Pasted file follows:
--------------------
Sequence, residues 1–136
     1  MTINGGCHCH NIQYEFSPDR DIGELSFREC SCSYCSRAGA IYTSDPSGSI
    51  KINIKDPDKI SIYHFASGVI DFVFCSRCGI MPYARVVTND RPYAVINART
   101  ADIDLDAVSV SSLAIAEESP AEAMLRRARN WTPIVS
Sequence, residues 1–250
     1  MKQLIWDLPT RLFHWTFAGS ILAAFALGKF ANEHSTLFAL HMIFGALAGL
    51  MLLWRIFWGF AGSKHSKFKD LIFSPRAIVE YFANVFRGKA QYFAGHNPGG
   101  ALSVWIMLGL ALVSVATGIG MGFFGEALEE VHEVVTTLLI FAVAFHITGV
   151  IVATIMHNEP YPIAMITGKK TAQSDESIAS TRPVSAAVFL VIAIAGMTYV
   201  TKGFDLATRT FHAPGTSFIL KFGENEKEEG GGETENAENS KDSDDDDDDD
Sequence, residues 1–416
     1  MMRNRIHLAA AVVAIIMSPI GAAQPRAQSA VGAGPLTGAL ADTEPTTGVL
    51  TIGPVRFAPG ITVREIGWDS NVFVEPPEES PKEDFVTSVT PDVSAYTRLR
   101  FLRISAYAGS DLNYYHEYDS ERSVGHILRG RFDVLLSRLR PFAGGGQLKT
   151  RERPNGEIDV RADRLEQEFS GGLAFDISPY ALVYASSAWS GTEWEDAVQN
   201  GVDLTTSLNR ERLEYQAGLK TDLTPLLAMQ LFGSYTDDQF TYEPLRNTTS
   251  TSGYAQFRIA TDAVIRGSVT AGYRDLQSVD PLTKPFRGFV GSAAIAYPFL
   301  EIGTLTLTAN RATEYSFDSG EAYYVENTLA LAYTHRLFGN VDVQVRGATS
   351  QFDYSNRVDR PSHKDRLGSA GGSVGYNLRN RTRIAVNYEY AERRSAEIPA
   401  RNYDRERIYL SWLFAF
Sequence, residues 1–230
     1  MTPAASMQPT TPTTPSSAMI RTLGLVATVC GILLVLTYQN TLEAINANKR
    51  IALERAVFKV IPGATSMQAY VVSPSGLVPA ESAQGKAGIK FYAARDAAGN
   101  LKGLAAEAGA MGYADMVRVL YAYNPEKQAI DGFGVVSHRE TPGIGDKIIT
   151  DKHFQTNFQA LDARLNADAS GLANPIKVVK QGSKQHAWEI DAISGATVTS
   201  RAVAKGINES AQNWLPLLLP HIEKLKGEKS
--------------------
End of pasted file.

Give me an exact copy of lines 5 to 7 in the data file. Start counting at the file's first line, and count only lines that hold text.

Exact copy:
Sequence, residues 1–250
     1  MKQLIWDLPT RLFHWTFAGS ILAAFALGKF ANEHSTLFAL HMIFGALAGL
    51  MLLWRIFWGF AGSKHSKFKD LIFSPRAIVE YFANVFRGKA QYFAGHNPGG